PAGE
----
According to Steven Bouma-Prediger, “We care for only what we love. We love only what we know. We truly know only what we experience.” While animal art does not replace first-hand experience, like walking in the woods or going on a safari, it immortalizes a fleeting moment within nature for us to meditate on. As each of my paintings takes up to 1700 hours to complete, my subject matter has a profound influence on me. Animal art has the potential to evoke wonder, reorient our affections, and increase empathy for our fellow creatures.
I have endeavoured to draw together two strands — spirituality and art — as a way to inspire greater appreciation for the natural world, motivate environmental stewardship, and provide hope in anxious times (with irony and a little humour thrown in for comic relief)."
b. 1995 Moscow, Russia
Selected Exhibitions (from 100 gallery & juried shows)
2021 Group: Jackson Hole Art Auction, Jackson Hole WY
2021 Group: Rehs Contemporary Gallery, LA Art Show, Los Angeles CA
2021 Group: "Annual Small Works Show," Beinart Gallery, Melbourne, Australia
2021 Group: "Ritual Deluxe," Wow X Wow, United Kingdom
2020 Group: "The Society of Animal Artists Members Exhibition," Hiram Blauvelt Art Museum, Oradell NJ
2020 Group: Rehs Contemporary Gallery, New York City NY
2019 Solo: “Streams in the Wasteland II” Corey Helford Gallery, Los Angeles CA
2019 Group: “Lucky 13 Anniversary Show,” Corey Helford Gallery, Los Angeles CA
2019 Solo: “Streams in the Wasteland,” Jonathan LeVine Projects, Jersey City NJ
2019 Group "Ascent," Talon Gallery, Portland OR
2018 Solo: "Josh Tiessen at RZIM Gallery," CBC Canada, Toronto ON
2018 2-Person: Josh Tiessen Studio Gallery, LA Art Show, Los Angeles CA
2017 Group: Juxtapoz Magazine "Clubhouse," Miami FL
2017 Group: Jonathan LeVine Projects, Scope Miami, Miami FL
2017 Group: “Search for the Next Great Artist,” Jonathan LeVine Projects, Jersey City NJ
2017 Solo: “Watching Paint Peel,” The Niagara Pumphouse Arts Centre, Niagara-on-the-Lake ON
2017 Group: "Winter Salon,” The Marshall Gallery, Scottsdale AZ
2016 Group: “Small Works,” Gallery 1261, Denver CO
2016 Solo: “7th Annual Open House,” Josh Tiessen Studio Gallery, Stoney Creek ON
2015-2016 Group: “Masterworks from the International Guild of Realism,” R.W. Norton Gallery, Shreveport LS; Appleton Museum of Art, Ocala FL; Albany Museum of Art, Albany GA
2015 Group: “International Guild of Realism,” Principle Gallery, Alexandria VA
2014 Solo: "The Visceral," Josh Tiessen Studio Gallery, Stoney Creek ON
2014 & 2016 Group: “Annual Juried Exhibition,” Algonquin Art Centre, Algonquin Park ON
2014 Group: “Remnants,” Robert Lange Studios, Charleston SC
2013 Group: “International Guild of Realism,” Tempe Center for the Arts, Tempe AZ
2013 Group: “The Artist Project,” Exhibition Place, Toronto ON
2012 12-Person: “So you want to be an artist?” National Gallery of Canada, Ottawa ON
2010 Solo: “Josh Tiessen: Launching into Fine Art,” Art Gallery of Burlington ON
Selected Awards and Honours (from 60)
2019 Rehs Contemporary Gallery Award for “New Sheriff in Town,” Annual Salon Competition, Art Renewal Center USA
2018 Dual Category Award for “Occidental Babylon,” Landscape & Animals, Annual Salon Competition, Art Renewal Center USA
2017 First Place Winner, Delusional: Search for the Next Great Artist, Jonathan LeVine Projects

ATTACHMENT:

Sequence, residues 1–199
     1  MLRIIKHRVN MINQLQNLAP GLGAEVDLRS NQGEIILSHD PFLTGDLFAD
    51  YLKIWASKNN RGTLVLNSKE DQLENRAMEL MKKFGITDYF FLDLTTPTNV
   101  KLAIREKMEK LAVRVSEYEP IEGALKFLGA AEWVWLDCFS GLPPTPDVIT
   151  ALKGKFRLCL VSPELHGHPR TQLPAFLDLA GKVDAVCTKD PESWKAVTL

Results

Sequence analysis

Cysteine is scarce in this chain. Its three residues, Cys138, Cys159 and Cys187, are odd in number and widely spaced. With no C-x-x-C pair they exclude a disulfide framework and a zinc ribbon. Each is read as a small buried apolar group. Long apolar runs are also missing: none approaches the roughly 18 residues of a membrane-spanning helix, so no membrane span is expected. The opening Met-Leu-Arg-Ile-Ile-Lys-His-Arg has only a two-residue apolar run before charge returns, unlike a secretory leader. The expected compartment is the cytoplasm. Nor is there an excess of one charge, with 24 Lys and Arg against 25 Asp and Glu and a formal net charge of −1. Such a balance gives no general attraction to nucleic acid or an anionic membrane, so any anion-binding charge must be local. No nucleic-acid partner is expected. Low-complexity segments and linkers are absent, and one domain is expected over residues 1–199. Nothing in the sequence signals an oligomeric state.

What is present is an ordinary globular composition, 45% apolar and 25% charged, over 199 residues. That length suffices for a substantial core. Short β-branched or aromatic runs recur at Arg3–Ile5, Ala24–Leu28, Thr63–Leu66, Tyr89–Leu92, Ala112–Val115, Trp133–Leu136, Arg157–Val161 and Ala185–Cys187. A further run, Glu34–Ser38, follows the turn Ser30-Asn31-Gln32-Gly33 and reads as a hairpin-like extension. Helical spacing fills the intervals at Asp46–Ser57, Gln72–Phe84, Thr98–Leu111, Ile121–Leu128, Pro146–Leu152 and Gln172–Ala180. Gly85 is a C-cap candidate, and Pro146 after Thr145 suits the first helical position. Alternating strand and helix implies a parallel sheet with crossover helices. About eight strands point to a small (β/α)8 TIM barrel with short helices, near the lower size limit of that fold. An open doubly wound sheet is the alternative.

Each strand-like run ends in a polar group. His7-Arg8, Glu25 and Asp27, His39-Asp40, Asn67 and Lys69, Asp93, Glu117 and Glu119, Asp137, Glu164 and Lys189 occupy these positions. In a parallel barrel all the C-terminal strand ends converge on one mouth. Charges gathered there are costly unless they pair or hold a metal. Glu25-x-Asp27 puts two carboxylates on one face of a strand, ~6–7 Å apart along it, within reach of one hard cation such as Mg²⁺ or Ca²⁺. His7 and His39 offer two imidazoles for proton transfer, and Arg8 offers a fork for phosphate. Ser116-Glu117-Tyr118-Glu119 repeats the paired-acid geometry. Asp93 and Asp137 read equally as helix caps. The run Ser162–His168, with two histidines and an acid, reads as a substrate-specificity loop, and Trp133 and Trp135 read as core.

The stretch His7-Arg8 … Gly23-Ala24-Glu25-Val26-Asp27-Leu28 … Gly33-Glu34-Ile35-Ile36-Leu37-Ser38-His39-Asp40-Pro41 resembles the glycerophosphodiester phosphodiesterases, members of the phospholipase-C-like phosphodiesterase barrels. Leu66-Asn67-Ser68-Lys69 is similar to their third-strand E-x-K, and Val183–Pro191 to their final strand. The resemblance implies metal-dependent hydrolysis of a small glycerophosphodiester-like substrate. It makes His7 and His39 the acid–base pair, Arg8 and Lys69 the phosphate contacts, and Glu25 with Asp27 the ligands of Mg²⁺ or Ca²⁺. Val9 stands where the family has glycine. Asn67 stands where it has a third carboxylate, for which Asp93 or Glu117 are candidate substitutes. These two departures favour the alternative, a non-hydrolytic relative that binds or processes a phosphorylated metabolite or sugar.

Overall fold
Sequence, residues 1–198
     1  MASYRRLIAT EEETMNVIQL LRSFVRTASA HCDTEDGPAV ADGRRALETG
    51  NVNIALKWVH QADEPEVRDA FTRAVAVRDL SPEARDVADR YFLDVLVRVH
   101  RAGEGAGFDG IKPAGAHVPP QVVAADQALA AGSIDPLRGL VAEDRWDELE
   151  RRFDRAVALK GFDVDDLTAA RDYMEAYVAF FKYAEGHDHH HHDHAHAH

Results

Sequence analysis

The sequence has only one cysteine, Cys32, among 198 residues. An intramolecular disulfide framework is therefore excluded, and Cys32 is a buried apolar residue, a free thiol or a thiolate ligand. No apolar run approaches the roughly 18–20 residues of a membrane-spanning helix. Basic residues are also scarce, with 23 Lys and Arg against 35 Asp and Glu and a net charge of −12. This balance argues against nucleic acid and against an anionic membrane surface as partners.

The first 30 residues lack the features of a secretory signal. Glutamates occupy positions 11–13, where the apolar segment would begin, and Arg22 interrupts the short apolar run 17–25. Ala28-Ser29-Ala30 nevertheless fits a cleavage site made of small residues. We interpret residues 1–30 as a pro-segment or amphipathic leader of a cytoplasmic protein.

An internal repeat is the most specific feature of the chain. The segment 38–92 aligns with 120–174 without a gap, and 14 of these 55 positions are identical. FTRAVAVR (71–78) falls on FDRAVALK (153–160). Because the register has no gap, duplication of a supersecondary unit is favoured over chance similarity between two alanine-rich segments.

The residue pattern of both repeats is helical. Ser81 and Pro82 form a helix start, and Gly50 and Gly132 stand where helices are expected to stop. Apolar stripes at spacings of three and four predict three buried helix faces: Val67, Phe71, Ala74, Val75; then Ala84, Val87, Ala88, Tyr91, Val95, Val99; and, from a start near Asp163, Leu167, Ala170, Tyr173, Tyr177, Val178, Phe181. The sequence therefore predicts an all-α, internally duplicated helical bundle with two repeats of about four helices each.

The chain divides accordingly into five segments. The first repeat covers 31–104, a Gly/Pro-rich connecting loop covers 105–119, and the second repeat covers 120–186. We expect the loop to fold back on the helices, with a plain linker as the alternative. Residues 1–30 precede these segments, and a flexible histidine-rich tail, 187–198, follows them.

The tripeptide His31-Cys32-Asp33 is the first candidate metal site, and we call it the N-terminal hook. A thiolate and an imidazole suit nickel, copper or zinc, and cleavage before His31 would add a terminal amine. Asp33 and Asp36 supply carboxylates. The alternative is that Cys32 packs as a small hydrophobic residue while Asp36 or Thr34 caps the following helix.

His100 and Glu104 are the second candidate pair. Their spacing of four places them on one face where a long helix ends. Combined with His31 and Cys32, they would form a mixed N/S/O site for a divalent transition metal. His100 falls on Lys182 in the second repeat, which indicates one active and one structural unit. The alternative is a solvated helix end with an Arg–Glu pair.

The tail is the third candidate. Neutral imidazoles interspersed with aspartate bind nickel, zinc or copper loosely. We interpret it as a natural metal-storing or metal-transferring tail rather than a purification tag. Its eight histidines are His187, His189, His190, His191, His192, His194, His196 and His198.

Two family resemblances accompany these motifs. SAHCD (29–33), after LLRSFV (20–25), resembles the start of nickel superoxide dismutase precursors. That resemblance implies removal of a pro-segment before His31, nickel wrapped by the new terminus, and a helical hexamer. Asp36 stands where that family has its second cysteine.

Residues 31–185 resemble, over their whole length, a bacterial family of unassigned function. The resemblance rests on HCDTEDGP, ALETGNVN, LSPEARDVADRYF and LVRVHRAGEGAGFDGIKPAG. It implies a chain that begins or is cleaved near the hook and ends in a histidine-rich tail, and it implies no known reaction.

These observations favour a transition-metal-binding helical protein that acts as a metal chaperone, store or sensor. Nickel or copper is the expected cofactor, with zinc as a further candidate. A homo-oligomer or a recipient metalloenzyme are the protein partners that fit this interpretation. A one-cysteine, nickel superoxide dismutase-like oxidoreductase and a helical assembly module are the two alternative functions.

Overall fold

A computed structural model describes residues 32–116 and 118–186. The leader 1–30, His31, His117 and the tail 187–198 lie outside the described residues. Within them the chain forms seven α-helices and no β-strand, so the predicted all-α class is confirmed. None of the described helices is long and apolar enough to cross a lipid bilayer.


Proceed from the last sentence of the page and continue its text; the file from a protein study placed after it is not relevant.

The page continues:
2017 Canada 150 Sesquicentennial Constituent Award, Government of Canada
2016 Best Wildlife Award, International Guild of Realism
2014 Creative Achievement Award, International Guild of Realism
2013 Canada’s Top 20 Under 20 Award, Plan International Canada
2012 Queen Elizabeth II Diamond Jubilee Medal, Government of Canada
"I believe all that we have comes from God, who created the world and is the ultimate Source of everything in it. I give out of sincere gratitude for all the material blessings I enjoy, and seek to responsibly steward that which God has entrusted to me: my gift for art and the financial resources which result from it. These beliefs form the basis for my philanthropic lifestyle. By seventeen I had donated funds and art to over forty charities. My donations were multiplied through charity auctions, with a framed print raising upwards to $1,000. To date, through these fundraisers my art has generated over $50,000 for seventy-five charities. I decided to start my own foundation to better coordinate my charitable giving and art donations. I chose not to use my name, as I wanted to actualize my philosophy of doing ‘art with a purpose’ to make a difference in the world in partnership with others. So I created the name Arts for a Change Foundation, to benefit individuals and organizations making a difference through humanitarian and conservation efforts. I entrusted Abundance Canada, which has a similar faith base and stewardship philosophy, to manage and disperse funds under my direction. I am thankful to my collectors who have participated with me by purchasing my art and supporting Arts for a Change Foundation."
As an award-winning international artist, Josh is often asked to speak, teach and display his art. Having spoken at over 50 engagements including elementary and high schools, colleges, community groups, churches and conferences, Josh has several talks including his story of becoming a professional fine art by 16, how to make an art career, and the relationship of art and faith. With the goal of inspiring and encouraging listeners, he highlights themes like the importance of mentorship, appreciation for nature, doing 'art with a purpose', and how good things can come out of the worst circumstances. Accompanied by a digital slideshow depicting his journey and images of his art, Josh is a dynamic speaker who is able to adapt his presentation for all audiences.
If interested in booking Josh to speak, please email firstname.lastname@example.org and provide the following info: